How to Pick Your Perfect Bike

In one afternoon with Michael McGettigan, owner of Trophy Bikes, the twelve-year-old bike mecca, we learned more about bicycles than others will learn from a lifetime of riding. Our focus: How to pick out the right communter bike for your needs. Many questions arise when one first sets out to buy the perfect bike, but McGettigan explains you only need ask yourself five things to begin: How Fast? How far? Will you be carrying anything? Will you be riding by yourself or with others? Are you a fair- weather or all-weather rider? With this, we were hooked and lapping up every bit of information he threw at us, so pay attention because there's likely a lot you didn't already know about buying bikes.

1. Be prepared to shell out some major cash.
A good bike is an investment, one that you've probably thought about for quite a while. For most people, it is their sole transportation, and therefore, it's to be taken as seriously as one might make a car purchase. The average bicycle McGettigan showed us from the shop cost $500, and is built to last. Anything under that, something you might buy in a Walmart or Target, for example, is something those in the bike biz liek to refer to as BSO's or 'Bike-Shaped Objects." McGettigan explains it's not worth it to get these bikes, because they are toys that will break.

2. Never be satisfied with a bike right off the shelf.
A bike bought right off the line at the shop is rarely ever a perfect fit for a customer. McGettigan tells us to never stop adjusting the bike until it's absolutely perfect. Maybe you'd like a wider seat, lower handlebars for speed, a quick-release wheel, a back fender: Custumazation is key.

3. Consider everything in your lifestyle, even your friends.
You need to know where you'll be riding the bike. If it's mostly around town, you probably need a straight commuter or luxury commuter; on the out-skirts, a mountain-hybrid handles hills and jumps beautifully. For extra-long rides: a lightweight racer hybrid will suit you; and for the multi-trans communter, a folding bike might work best (though McGettigan warns only one brand of folding bike actually holds up, Brompton). Want less parts to deal with and a great workout? A fixed-gear may be right for you. But, forget about adding those wheels with the plastic innards, McGettigan tells us they are just for fashionistas and really do nothing on the city streets.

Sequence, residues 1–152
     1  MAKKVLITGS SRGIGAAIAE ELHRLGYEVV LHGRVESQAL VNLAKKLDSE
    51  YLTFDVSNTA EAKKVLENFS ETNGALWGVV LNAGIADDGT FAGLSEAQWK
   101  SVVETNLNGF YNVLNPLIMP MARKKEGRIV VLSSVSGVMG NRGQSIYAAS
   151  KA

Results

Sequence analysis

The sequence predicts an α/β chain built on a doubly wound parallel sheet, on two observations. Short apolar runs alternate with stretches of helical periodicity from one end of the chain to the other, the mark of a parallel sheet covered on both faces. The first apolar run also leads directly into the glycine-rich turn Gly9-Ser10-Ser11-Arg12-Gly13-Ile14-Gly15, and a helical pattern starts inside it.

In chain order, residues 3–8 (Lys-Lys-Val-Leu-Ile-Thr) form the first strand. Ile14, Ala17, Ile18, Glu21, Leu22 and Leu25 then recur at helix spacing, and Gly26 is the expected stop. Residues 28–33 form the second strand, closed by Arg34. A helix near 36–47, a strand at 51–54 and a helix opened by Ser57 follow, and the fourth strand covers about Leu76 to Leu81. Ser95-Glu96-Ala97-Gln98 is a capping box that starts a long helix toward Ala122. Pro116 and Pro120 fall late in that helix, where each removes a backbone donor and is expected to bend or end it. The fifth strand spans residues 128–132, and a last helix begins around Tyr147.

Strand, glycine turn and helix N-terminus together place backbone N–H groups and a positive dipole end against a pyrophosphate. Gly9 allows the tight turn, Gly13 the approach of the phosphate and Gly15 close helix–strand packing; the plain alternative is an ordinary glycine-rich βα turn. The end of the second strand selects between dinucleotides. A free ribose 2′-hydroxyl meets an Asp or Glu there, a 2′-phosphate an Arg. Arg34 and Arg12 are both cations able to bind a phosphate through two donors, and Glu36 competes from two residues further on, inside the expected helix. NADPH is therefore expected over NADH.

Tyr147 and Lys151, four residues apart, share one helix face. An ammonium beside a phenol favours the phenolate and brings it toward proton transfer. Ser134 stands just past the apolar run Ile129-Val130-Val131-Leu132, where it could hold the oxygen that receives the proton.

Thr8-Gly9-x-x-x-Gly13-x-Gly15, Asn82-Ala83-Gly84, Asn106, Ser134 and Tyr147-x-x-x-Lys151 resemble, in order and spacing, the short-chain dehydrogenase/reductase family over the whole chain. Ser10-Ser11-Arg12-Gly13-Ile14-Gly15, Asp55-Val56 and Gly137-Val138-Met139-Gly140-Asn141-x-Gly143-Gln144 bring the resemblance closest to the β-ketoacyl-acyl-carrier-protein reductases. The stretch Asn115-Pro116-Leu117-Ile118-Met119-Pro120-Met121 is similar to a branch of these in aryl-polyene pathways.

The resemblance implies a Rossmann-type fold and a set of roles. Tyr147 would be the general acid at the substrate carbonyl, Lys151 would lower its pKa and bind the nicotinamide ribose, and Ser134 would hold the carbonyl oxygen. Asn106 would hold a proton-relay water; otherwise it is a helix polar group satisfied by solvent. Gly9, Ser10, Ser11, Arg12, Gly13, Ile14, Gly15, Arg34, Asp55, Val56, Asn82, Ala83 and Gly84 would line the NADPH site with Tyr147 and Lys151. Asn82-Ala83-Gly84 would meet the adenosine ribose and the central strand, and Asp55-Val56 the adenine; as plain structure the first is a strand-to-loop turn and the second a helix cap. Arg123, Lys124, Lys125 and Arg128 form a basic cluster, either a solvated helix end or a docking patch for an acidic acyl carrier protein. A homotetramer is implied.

4. Plan out your route, with some help.
if you're planning on riding to work, do a dry run the night before or during the weekend to find the most bike-friendly paths. If you'd like to reach a destination by bike and make a day of it, google can be a great tool for mapping bike pathways. Another great resource to use before planning a bike trip is the Philadelphia Bicycle Colalition. Tell them where you're starting from and where you'd like to go and they will figure out the best way for you to get there. McGettigan's favorite bike route is the Schuylkill river trail, "it's 52 miles all the way around, like the I-95 for bikes."

5. Get a lock and a lid.
Now that you've made the investmant and planned your routes, protect yourself and your bike with a "lock and a lid." Helmets don't have to be totally dorky looking, Bern makes some commuter helmets that look as cool as a hat and Bell makes some great vented varieties for the long-distance commuter. McGettigan also advises to buy two locks, a U-lock and a cable lock, to cover both the wheels.

6. Ten-Minute cool downs and baby wipes are your best friend.
Once you're officially a bike commuter, you'll undoubetedly face the problem of arriving to your destination a sweaty mess. McGettigan has a solution for that too: "Ten minutes away from your destination, begin to take it down a notch – pedaling slower, breathing slower, trailing behind cars," he says. Also, "baby wipes help."

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